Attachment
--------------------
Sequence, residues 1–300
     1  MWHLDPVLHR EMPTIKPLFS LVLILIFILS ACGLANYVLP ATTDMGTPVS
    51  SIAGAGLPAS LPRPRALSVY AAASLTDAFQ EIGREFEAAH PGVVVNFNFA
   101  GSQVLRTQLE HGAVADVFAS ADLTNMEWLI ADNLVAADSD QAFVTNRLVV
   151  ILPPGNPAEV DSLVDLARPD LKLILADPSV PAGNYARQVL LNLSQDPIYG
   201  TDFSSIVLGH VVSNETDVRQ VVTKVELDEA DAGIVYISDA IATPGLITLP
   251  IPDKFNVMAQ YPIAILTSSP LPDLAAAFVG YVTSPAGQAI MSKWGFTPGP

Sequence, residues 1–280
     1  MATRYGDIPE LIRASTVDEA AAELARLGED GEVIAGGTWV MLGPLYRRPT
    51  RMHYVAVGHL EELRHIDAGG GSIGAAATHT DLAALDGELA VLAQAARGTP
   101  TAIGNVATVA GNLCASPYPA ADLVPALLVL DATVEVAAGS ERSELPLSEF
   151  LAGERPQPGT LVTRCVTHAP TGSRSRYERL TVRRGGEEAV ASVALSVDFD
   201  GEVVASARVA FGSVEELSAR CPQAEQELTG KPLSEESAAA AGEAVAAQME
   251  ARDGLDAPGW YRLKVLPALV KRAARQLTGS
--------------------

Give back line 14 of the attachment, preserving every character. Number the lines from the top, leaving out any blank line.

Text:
   251  ARDGLDAPGW YRLKVLPALV KRAARQLTGS